WHAT a week. On Monday, Brighton & Hove Albion FC, the club I’ve supported since I was six years old, clinched promotion to the Premier League. Along with most of Sussex, I became a puddle of beer.
On Tuesday, May called a snap election for June 8.
There’s a link between the two, with a stirring message of hope for us all.
Labour have no chance in the forthcoming election, say the mainstream media.
The five unelected billionaires who control most of the national press have instructed their brown-nosing puppet “journalists” to pour scorn on Jeremy Corbyn from all sides.
The BBC, terrified of being accused of bias by those who themselves are biased, slavishly follows suit.
Opinion polls give the Tories a 20-point lead. Foregone conclusion, the commentators say.
But, exactly 20 years ago, they said the same thing about Brighton. With two games to go in the 1996-97 season we were bottom of the bottom division, 92nd out of 92, and heading out of the Football League into the Conference.
We fans had risen up and, after a long fight and a lot of direct action campaigning, finally got rid of hated chairman Bill Archer.
But he had sold our Goldstone ground to property developers.
We were homeless and knew that the following season, probably outside the Football League, we’d be playing home games at Gillingham, a round trip of 140 miles.
The end of a once-proud club, said the pundits. Despite the fans’ brave campaign, Brighton can’t come back from this.
How wrong they were.
In the penultimate game of the ’96-’97 season, our last-ever game at the Goldstone Ground, we beat Doncaster 1-0 and went to Hereford needing a draw to stay in the Football League. We got it.
We fans went to Gillingham the following season determined to bring the club back to Brighton as soon as possible.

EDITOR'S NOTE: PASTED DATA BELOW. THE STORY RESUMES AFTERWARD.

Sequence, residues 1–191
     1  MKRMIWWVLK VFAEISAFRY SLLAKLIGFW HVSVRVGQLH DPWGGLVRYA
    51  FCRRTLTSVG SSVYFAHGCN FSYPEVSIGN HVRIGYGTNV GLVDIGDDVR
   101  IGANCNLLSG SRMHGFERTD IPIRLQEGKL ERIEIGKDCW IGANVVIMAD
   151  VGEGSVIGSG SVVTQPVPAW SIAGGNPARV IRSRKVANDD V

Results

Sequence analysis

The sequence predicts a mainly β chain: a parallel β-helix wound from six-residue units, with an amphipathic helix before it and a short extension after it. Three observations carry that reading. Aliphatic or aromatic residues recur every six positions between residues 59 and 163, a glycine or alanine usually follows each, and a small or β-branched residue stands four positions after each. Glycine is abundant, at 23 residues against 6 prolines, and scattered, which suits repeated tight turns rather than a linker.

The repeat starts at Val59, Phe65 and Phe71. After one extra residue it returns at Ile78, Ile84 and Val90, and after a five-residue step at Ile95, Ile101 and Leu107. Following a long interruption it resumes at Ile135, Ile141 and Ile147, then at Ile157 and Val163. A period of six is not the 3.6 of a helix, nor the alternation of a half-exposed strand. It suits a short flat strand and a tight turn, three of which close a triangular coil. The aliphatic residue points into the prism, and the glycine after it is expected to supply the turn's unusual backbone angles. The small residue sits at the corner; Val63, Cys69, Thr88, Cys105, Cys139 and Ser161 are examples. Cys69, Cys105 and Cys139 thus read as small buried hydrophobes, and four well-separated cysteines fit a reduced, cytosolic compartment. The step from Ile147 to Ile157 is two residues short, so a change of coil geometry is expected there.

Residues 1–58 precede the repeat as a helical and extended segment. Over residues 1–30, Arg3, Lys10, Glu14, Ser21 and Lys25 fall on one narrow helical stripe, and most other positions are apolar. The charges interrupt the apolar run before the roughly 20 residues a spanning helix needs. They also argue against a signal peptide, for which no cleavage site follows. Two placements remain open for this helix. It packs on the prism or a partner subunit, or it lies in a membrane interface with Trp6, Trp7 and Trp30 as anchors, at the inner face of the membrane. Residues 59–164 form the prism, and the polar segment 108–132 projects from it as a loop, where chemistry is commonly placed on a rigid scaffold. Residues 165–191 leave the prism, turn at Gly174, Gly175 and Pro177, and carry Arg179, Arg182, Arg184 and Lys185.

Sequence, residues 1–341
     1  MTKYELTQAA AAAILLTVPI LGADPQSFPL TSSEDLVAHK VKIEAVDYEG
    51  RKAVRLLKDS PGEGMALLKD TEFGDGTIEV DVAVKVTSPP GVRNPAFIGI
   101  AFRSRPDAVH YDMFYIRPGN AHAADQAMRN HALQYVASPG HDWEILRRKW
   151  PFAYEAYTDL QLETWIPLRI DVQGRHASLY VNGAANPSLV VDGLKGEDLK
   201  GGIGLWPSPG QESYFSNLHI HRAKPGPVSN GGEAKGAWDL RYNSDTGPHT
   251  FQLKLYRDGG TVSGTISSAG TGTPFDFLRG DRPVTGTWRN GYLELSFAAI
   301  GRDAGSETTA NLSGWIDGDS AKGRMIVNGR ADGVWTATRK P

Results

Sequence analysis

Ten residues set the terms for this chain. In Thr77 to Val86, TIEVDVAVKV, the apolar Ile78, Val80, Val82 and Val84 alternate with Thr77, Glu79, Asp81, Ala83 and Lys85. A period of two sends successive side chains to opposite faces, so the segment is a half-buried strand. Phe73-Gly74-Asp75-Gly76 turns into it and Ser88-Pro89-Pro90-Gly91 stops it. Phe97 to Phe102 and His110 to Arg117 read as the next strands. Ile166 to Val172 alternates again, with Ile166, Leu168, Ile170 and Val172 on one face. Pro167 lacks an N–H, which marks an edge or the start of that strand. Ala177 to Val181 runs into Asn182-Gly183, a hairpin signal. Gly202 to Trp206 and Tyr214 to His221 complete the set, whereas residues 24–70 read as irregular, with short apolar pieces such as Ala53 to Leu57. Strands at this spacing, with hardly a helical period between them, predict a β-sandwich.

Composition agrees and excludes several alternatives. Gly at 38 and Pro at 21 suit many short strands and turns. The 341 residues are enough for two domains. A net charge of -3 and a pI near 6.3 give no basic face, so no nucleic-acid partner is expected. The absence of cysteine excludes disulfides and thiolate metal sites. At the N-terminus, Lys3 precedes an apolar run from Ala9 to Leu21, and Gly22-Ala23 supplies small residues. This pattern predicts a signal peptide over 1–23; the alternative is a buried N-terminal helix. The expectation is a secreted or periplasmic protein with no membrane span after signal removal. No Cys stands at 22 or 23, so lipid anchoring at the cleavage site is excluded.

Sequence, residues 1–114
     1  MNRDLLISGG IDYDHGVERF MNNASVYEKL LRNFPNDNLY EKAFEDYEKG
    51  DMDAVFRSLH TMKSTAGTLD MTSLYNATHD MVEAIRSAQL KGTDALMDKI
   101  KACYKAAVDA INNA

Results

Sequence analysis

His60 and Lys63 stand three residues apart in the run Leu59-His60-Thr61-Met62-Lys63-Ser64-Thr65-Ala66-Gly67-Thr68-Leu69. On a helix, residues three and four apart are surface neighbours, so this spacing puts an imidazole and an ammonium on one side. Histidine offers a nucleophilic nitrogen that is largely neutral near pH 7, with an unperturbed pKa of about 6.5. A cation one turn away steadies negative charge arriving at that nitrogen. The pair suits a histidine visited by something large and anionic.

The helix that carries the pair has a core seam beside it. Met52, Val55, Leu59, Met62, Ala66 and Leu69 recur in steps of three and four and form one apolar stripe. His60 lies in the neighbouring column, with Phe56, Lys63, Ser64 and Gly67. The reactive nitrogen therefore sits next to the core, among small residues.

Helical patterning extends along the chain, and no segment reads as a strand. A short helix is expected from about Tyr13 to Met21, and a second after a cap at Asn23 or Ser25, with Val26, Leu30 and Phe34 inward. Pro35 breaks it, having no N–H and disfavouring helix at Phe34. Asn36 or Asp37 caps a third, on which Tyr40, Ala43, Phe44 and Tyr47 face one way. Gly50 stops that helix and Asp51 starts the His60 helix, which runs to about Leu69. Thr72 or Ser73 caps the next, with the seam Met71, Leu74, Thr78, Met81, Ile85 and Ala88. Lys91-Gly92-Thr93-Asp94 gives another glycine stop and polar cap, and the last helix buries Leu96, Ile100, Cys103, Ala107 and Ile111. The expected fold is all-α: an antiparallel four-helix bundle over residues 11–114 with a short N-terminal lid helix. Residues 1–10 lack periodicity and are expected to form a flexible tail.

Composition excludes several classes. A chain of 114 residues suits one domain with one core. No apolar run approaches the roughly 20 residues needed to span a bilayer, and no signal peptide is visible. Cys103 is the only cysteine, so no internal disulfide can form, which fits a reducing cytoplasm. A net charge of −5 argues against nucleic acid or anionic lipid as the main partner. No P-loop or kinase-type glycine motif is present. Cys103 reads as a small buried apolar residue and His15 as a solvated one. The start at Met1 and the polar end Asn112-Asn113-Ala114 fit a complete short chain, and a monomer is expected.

We told Brighton Council that unless they found us a home in the city we’d stand against them as the Seagulls Party and rewrite political history on the Sussex coast.
Ordinary people, of all ages, social backgrounds and political persuasions united in a determination to save our club and bring it home. Two years later we got our new temporary Withdean stadium, albeit ramshackle and far too small.
Then began the battle for our new home at Falmer. It took 11 years, countless demonstrations and protests, two public inquiries, a few local election campaigns and a Top-20 hit single.
But, in 2011, we moved in. Secure in our new home things got better and better on the pitch and, last Monday, amid scenes of unbelievable happiness, we secured promotion to the Premier League. Last night I was at Norwich hoping to see us clinch the Championship title.
From the gutter to the stars. And all because a bunch of dedicated, determined people — most of whom had no previous experience of protests and campaigning or of politics — united in action.
It could have been a cherished open space, a theatre, anything valued by a local community. In our case, it just happened to be Brighton and Hove Albion Football Club. In my 40 years as a political activist and poet, it’s probably the most successful campaign I have ever been involved in.
The powers that be tell us ordinary people can’t make a difference, that the media will prevail, that money-men will always win. Our story at Brighton proves them wrong.
It took us 20 years and in this election campaign we have seven weeks. But the principle is the same. Get out there. Argue with friends, acquaintances, workmates, strangers. Nail the media lies. Organise to kick the Tories out by any means necessary — tactical alliances, vote swaps, you name it. We are the people. We can do it. We can win.
Just like we did at Brighton.
Attila is performing at Great Yarmouth Football Club tonight and the Smokehouse in Ipswich tomorrow.